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Re^5: Doubt about fly-weight objects.

by adrianh (Chancellor)
on May 19, 2005 at 08:13 UTC ( #458547=note: print w/replies, xml ) Need Help??

in reply to Re^4: Doubt about fly-weight objects.
in thread Doubt about fly-weight objects.

Your example, though, actually makes fly-weights take up way more than twice as much space (I think).

You're right.

So, that's how I interpretted the situation you were laying out. I assume I just misintrpretted it... but how exactly did I?

The GoF example was dealing with a WYSIWYG word processor, so "character" was more complicated than a single byte.

For example: A naive implementation of a bitmapped character in a word processor might (in Perl) look something like this:

my $char = bless { char => 'e', face => 'Times', size => '12pt', bitmap => '... some binary data ...', row => 12, column => 22, }, 'BitmapCharacter'; ... $char->render # draw a 12pt Times letter 'e' at row 12, column 22

So if we have a a bit of text that says "errol eats enough eggs everyday" then we have 6 x 'e' BitmapCharacter objects that only differ by their row and column attributes.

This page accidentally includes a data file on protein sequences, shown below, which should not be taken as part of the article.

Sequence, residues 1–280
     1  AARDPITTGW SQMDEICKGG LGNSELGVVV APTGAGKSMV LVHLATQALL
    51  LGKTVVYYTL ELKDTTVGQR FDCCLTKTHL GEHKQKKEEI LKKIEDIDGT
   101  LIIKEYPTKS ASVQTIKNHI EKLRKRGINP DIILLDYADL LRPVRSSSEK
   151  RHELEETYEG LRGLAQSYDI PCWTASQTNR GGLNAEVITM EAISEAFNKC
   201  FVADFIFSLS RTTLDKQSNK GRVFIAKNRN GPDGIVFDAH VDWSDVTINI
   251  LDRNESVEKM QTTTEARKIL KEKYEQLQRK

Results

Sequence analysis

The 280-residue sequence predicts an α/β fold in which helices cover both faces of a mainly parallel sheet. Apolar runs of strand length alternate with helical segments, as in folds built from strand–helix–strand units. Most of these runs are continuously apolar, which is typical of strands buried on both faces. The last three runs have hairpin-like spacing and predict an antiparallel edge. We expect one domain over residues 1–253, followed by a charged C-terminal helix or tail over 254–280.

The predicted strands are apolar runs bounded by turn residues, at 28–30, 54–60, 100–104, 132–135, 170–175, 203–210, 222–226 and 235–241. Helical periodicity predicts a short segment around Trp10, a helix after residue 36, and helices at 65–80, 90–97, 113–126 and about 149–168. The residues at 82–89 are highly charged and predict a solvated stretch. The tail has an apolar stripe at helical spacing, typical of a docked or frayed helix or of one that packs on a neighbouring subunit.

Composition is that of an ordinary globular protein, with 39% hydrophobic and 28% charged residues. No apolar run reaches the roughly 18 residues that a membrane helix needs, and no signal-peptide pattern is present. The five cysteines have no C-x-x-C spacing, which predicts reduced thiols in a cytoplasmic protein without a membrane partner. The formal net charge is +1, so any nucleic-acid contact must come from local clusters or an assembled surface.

In the GoF language we say that the row and column attributes are extrinsic state - they're dependent on the characters context (as opposed to intrinsic state which is context independent).

The GoF Flyweight pattern is to rip out the extrinsic state from the object so we'd have something like:

my $char = bless { char => 'e', face => 'Times', size => '12pt', bitmap => '... some binary data ...', }, 'BitmapCharacter'; ... $char->render( 12, 22 ) # draw a 12pt Times letter 'e' at row 12, colu +mn 22

So the container now has to pass the extrinsic state and we can use the same object for each occurance of each letter - saving lots of space.

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